Three Quarters Of Dalton: Through the various ebbs and flows of the game, Dalton looked sharp and decisive. He had two touchdown passes on the day, one a dart that he zipped to Green between tight coverage. Dalton would have had another touchdown on the day, but Green lined up offsides and the catch was nullified. As I mentioned above, Dalton did help to generate 24 points in the red zone in four tries (a field goal came after Green penalty) and he finished 19 for 31 and 233 yards.

The Bad:

Playing Down To A Lesser Opponent: The Bengals had a number of squandered opportunities on the day, which would have made this game much more lopsided. Turnovers, penalties and other gaffes kept a then-1-7 club in a road game that should have been a blowout. It's admirable that the team once again found a way to win, but seizing opportunities is what playoff football is about and if the team is fortunate enough to make it that far, they need to be better in this aspect.

Dalton For A Quarter Of The Game: This isn't to say that Dalton played poorly for an entire quarter or that he played poorly at all. However, the frustrating dry spell to start the game, including two punts and his going one of four on passes was ugly (only completion was a screen to Jermaine Gresham)--in fact, the team didn't score until the second quarter on their third drive. There were two costly interceptions late in the game, with one rating up there in "Gus Frerotte's Greatest Hits" and "The Butt Fumble". All in all, Dalton was a big reason for the win, but also contributed to Jacksonville hanging around as long as they did.

Kickoff Return Coverage: This was the lone sour spot by the special teams unit on the day. Every time that Mike Nugent allowed Jordan Todman to return a kickoff, he made them pay. He averaged nearly 30 yards per return on his six tries, including a big 39-yarder. It's a minor thing overall, but it needs to be cleaned up going forward.

Tackling: It's understandable that the defensive unit might suffer a bit in this category with injuries to two of their best linebackers (Rey Maualuga and Vontaze Burfict), but it was deplorable on Sunday. Tackling at every level was awful, as both backs and receivers made guys miss with the ball in their hands. This was a staple of Mike Zimmer's units and a back-to-basics approach is needed by Paul Guenther.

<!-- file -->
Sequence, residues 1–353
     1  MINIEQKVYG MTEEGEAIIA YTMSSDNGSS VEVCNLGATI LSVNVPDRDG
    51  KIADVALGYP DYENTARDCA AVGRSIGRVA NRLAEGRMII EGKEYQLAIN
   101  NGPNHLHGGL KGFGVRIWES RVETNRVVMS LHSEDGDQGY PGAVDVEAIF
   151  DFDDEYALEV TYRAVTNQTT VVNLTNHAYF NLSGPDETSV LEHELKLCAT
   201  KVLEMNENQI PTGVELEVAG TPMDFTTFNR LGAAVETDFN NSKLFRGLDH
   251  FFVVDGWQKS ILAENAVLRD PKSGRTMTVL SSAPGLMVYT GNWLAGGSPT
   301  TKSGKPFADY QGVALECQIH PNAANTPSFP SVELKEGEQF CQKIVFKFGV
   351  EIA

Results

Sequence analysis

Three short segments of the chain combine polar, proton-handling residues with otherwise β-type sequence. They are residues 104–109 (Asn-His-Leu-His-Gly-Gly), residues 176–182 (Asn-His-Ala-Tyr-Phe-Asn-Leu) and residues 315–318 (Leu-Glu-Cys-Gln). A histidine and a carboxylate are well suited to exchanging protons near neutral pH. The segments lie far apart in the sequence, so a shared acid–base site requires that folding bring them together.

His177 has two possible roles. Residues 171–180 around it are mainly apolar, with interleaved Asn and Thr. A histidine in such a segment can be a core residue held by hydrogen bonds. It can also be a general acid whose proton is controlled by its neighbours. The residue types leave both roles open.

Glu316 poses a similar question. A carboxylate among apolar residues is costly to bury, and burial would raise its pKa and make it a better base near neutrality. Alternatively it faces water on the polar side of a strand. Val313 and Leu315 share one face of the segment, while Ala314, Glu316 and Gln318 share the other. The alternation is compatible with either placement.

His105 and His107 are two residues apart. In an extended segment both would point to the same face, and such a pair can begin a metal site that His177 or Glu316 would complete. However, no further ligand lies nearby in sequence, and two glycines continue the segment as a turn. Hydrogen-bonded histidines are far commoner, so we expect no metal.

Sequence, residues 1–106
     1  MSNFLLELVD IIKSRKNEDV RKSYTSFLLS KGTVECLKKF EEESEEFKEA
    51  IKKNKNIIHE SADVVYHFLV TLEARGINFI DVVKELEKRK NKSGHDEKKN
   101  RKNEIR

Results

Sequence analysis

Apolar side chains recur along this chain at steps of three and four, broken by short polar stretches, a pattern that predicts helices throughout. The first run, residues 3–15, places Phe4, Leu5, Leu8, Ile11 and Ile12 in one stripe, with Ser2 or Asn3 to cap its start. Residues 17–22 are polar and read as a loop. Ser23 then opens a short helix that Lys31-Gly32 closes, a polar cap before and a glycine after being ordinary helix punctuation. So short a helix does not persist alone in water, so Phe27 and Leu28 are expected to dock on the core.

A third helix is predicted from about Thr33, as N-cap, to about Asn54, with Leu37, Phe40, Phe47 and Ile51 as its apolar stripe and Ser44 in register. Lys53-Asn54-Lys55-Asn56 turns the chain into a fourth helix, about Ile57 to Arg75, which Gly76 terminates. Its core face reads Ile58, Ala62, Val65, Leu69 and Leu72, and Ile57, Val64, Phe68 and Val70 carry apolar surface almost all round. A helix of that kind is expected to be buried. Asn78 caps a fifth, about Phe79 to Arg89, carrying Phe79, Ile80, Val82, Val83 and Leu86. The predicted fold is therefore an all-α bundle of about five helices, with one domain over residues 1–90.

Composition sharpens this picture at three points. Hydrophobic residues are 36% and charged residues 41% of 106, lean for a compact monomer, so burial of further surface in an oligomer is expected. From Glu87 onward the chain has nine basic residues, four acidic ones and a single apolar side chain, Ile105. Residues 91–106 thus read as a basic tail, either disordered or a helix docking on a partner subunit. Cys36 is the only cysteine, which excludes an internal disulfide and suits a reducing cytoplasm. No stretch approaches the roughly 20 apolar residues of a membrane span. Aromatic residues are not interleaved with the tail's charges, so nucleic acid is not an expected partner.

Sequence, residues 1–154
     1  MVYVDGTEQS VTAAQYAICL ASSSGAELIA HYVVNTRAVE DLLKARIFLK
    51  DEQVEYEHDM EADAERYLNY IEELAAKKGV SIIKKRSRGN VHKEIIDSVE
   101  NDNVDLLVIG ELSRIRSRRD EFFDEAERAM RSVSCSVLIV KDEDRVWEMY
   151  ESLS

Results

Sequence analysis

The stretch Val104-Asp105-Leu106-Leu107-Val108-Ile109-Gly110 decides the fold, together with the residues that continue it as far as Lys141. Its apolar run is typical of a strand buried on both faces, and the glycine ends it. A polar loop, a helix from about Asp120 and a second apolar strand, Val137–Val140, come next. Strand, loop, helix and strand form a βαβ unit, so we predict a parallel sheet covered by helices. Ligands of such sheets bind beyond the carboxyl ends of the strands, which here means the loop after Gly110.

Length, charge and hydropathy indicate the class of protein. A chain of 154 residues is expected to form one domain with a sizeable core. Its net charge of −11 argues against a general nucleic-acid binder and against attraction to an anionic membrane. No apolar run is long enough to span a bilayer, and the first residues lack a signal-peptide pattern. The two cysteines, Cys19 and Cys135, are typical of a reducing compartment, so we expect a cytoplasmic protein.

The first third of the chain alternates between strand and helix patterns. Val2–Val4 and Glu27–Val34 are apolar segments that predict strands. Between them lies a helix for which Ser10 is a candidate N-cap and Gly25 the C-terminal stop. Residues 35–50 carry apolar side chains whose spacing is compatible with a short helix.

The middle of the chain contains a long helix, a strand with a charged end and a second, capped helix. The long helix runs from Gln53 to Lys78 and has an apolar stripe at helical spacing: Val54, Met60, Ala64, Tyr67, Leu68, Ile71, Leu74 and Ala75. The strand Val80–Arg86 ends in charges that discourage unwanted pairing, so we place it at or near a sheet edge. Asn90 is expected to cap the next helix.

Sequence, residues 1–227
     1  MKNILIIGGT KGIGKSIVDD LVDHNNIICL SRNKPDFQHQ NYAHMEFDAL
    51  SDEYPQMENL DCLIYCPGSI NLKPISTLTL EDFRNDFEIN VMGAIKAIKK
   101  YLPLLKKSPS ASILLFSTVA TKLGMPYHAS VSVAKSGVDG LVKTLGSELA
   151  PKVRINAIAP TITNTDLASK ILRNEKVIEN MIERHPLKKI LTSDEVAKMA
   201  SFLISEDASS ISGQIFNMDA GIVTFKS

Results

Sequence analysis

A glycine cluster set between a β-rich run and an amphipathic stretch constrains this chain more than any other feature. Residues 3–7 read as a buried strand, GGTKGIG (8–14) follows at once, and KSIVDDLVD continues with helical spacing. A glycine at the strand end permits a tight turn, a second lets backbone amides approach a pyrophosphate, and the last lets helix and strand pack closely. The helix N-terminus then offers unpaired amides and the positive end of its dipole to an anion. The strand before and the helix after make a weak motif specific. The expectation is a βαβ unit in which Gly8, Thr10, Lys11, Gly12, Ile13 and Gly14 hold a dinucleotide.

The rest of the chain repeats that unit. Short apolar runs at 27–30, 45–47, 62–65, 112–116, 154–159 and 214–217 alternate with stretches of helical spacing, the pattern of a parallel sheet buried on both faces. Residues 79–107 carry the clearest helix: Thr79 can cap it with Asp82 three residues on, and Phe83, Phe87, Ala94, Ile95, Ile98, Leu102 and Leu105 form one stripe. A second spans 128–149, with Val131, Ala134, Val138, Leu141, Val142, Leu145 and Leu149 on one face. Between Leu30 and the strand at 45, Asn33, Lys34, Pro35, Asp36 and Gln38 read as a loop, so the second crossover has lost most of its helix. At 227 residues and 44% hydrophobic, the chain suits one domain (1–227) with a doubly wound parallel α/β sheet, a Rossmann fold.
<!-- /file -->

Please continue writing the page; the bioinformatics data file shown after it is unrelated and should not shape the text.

The Ugly:

Blown Opportunities: Whether it was the dropping of four easy interceptions, or only getting five points from two blocked punts, the Bengals shot themselves in the foot continuously on Sunday. High-quality teams simply don't make those kind of errors, and when they do, they are lucky to be playing a now-1-8 team, to allow them to recover. Emmanuel Lamur had at least two drops, so don't be so impressed with the "passes defensed" on his stat line.

Leon Hall: One of the most dependable players on the defense has been getting routinely torched over the past month-plus. Ever since the bye, Hall seems to be victimized on big passing plays by the opposition. Allen Hurns beat him badly on a big play and then made him look silly as he was turned around. It's just the most recent in the line formed by guys like T.Y. Hilton, Kelvin Benjamin and others.

Almost Every Aspect Of The Defense: The only thing that the defense could hang their hat on from this Sunday's win, was some inconsistent pressure and two quarterback sacks. The tackling was poor, the run defense almost allowed another 100-yard rusher, and the dropped interceptions kept giving a struggling rookie quarterback hope. The team had relied on stout play from the defense over the past few years, but the Bengals have now been forced to get creative with their wins. Oh, and that supposed big boost from Brandon Thompson? Two total tackles from him, while the entire unit allowed 132 on the ground and 6.1 yards per play overall.